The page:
Unanswered questions about Crimea's college massacre
Around noon on October 17, eighteen-year-old Vladislav Roslyakov opened fire on his classmates and instructors at Kerch Polytechnic College in eastern Crimea. He shot and killed 18 people and then turned his gun on himself. As federal investigators try to make sense of the tragedy, there are still many unanswered questions about this school massacre. Meduza reviews the biggest questions still unanswered on day one.
How did the shooter enter the building with a gun and explosives?
According to the news agency Moskva, the college had just installed a new security system a few weeks earlier, placing metal detectors and turnstiles at all the entrances. The upgrades were finished on September 20.
At the same time, at least one student at the college claims that nobody paid any real attention to the metal detectors, because everyone was always setting them off with their keys and mobile phones. The same student says there was no security guard at the school’s main entrance, and the college didn’t actually have any guards — just a front desk clerk. Russia’s National Guard has confirmed that the school employed no security guards, despite demands from the local government. The agency noted that the new requirement for guards was adopted only recently, and not all schools have managed to allocate the necessary budget resources.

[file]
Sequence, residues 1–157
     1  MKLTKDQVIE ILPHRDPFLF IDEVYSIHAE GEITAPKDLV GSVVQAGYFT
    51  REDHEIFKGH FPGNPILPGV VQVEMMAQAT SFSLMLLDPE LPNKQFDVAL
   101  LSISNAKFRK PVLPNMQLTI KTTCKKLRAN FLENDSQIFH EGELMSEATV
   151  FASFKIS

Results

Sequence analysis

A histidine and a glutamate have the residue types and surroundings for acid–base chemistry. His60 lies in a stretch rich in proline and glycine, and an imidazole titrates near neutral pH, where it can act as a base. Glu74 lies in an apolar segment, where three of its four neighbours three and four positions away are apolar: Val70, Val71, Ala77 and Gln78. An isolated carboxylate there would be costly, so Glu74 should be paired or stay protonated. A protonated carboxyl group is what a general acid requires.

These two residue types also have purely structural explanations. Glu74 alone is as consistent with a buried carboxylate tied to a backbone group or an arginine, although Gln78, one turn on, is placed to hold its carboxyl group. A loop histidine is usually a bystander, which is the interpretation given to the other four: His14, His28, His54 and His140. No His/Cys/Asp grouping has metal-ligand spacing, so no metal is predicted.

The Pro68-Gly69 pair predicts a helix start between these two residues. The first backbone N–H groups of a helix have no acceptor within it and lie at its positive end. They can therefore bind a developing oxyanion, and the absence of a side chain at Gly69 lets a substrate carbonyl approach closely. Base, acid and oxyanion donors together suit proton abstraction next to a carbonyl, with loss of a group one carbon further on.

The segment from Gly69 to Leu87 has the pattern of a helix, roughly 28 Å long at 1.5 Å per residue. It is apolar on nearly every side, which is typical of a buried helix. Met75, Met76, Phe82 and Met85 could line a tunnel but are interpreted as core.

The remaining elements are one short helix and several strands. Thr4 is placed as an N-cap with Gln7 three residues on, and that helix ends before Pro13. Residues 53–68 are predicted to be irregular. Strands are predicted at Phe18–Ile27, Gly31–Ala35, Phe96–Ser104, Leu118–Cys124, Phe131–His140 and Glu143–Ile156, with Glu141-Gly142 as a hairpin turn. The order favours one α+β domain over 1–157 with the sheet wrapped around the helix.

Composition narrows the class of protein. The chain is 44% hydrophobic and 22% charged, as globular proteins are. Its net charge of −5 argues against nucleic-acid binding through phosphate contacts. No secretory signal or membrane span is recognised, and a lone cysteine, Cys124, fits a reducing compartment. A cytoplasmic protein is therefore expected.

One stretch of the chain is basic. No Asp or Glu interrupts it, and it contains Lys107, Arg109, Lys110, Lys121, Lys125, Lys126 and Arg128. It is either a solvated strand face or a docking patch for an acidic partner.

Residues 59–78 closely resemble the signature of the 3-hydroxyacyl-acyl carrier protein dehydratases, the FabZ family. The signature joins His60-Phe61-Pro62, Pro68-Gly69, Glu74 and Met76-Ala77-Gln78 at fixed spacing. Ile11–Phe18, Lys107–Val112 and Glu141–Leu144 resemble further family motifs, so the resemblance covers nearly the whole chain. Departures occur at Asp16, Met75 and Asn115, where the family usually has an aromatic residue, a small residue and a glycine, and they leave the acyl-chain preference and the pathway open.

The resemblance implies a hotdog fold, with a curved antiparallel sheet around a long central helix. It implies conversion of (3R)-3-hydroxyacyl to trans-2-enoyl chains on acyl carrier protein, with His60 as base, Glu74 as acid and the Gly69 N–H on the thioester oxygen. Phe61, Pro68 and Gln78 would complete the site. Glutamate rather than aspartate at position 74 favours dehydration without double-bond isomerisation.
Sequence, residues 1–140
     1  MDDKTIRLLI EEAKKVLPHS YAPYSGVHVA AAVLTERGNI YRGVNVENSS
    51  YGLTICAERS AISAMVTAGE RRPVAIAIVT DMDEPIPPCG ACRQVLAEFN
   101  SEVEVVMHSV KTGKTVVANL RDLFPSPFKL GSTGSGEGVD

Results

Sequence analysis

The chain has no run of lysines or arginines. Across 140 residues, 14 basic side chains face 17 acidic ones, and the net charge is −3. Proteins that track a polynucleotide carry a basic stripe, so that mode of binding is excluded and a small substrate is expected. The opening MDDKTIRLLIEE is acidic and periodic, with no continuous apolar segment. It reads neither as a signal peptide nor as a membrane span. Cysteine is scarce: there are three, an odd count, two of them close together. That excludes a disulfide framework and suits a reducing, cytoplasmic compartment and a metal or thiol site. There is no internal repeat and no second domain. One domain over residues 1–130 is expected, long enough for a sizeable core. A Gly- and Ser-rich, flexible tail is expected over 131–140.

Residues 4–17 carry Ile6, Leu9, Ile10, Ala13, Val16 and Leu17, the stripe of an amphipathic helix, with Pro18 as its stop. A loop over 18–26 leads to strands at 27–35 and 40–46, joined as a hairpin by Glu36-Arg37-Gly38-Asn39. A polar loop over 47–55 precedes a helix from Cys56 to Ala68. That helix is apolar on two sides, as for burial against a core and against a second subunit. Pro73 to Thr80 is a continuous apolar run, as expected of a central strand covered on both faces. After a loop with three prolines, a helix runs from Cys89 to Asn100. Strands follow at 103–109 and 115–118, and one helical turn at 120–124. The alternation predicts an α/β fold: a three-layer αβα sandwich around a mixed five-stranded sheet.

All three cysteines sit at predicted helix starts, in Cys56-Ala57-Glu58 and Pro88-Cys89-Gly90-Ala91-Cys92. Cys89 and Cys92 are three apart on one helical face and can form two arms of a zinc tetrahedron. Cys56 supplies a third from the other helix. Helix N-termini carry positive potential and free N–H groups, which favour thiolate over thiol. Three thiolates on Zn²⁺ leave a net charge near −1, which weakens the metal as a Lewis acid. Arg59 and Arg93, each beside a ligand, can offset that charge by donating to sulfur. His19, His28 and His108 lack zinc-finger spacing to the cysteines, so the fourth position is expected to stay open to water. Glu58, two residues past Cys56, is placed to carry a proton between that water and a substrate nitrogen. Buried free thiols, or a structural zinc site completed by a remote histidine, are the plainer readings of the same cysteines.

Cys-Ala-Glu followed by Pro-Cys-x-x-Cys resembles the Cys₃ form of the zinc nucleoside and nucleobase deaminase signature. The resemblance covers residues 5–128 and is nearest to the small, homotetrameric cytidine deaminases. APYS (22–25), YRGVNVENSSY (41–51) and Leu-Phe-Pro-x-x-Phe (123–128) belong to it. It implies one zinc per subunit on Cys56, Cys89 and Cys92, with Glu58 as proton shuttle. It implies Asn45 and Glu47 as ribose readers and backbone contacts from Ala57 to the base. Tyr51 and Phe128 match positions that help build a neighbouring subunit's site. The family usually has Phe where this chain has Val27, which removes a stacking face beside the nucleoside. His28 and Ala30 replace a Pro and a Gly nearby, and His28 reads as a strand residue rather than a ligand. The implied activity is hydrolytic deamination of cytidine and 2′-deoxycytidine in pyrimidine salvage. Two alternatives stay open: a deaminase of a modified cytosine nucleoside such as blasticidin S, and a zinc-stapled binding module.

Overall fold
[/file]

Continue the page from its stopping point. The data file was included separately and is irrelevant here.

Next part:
What kind of firearm did Roslyakov use, and where did he get it?
Updated. Sergey Aksyonov, the head of the Crimean regional government, says the weapon Roslyakov used in the massacre was obtained legally. “The rifle was registered properly and belonged [to Roslyakov] legally. We’ll looking into this, as well,” Aksyonov said late on Wednesday.
How many explosions and bombs were there?
Federal investigators have acknowledged only a single explosion, though multiple eyewitnesses have described as many as three loud blasts (though it’s possible that they confused these sounds with gunfire). Sources told the news agency Interfax that officials neutralized at least two explosive devices.
It’s still unclear what damage the explosion caused. So far, investigators have attributed all the deaths to gunshots. There still isn’t precise information about all the hospitalized victims, and it’s unclear who among these people was hurt by bombs and who was shot, or what any of their conditions are.
Why did Vladislav Roslyakov go on a murderous rampage against his classmates?
The shooter left no note explaining his actions, no messages on social media, and he didn’t shout any slogans during the attack. It’s still unclear why he staged this massacre.
Some students at the college say Roslyakov was shy and stayed away from social media. One classmate claims Roslyakov “really hated the school because of its evil teachers.” The generally unreliable news agency FlashCrimea reported that Roslyakov staged the attack because a girl didn’t return his affections.
Because Roslyakov’s attack has bears certain similarities to the 1999 Columbine high school shooting (the killers in both cases committed suicide in the school’s library, after planting homemade bombs throughout the campus), Internet users have widely speculated that Roslyakov was obsessed with the Columbine attack. There is no real evidence for this theory, however.
How did the police respond?
It’s still not entirely clear how first responders acted during the attack. One eyewitness told reporters that paramedics arrived within 10 minutes of the shooting, and police got there five minutes later. It’s unclear if police officers immediately stormed the building or first started the evacuation. We also don’t know whether Roslyakov managed to kill some of his 18 victims after the police had already arrived. Some eyewitnesses claim they saw armed men (presumably police officers) pursuing a suspect and opening fire on other students, though there is no official verification of this information.